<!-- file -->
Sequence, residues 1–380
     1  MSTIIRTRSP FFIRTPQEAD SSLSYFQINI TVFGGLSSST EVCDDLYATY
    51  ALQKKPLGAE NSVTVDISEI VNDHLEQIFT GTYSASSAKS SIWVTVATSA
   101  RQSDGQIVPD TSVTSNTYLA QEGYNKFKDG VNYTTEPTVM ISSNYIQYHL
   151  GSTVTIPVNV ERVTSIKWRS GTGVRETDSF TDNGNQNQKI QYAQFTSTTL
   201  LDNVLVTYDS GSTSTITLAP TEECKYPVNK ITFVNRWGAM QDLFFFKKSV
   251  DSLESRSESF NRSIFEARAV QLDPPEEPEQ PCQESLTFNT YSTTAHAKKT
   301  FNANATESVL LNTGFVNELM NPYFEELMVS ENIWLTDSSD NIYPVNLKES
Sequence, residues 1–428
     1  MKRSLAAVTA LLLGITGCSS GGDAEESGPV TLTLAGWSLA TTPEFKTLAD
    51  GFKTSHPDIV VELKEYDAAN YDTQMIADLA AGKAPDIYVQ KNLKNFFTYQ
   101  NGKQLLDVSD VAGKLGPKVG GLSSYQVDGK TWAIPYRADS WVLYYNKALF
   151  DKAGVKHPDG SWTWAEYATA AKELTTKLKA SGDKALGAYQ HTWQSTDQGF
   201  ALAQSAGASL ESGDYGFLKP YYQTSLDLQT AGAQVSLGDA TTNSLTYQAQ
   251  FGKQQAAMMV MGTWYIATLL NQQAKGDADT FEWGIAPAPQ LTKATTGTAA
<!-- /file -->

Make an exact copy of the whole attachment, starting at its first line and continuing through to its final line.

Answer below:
Sequence, residues 1–380
     1  MSTIIRTRSP FFIRTPQEAD SSLSYFQINI TVFGGLSSST EVCDDLYATY
    51  ALQKKPLGAE NSVTVDISEI VNDHLEQIFT GTYSASSAKS SIWVTVATSA
   101  RQSDGQIVPD TSVTSNTYLA QEGYNKFKDG VNYTTEPTVM ISSNYIQYHL
   151  GSTVTIPVNV ERVTSIKWRS GTGVRETDSF TDNGNQNQKI QYAQFTSTTL
   201  LDNVLVTYDS GSTSTITLAP TEECKYPVNK ITFVNRWGAM QDLFFFKKSV
   251  DSLESRSESF NRSIFEARAV QLDPPEEPEQ PCQESLTFNT YSTTAHAKKT
   301  FNANATESVL LNTGFVNELM NPYFEELMVS ENIWLTDSSD NIYPVNLKES
Sequence, residues 1–428
     1  MKRSLAAVTA LLLGITGCSS GGDAEESGPV TLTLAGWSLA TTPEFKTLAD
    51  GFKTSHPDIV VELKEYDAAN YDTQMIADLA AGKAPDIYVQ KNLKNFFTYQ
   101  NGKQLLDVSD VAGKLGPKVG GLSSYQVDGK TWAIPYRADS WVLYYNKALF
   151  DKAGVKHPDG SWTWAEYATA AKELTTKLKA SGDKALGAYQ HTWQSTDQGF
   201  ALAQSAGASL ESGDYGFLKP YYQTSLDLQT AGAQVSLGDA TTNSLTYQAQ
   251  FGKQQAAMMV MGTWYIATLL NQQAKGDADT FEWGIAPAPQ LTKATTGTAA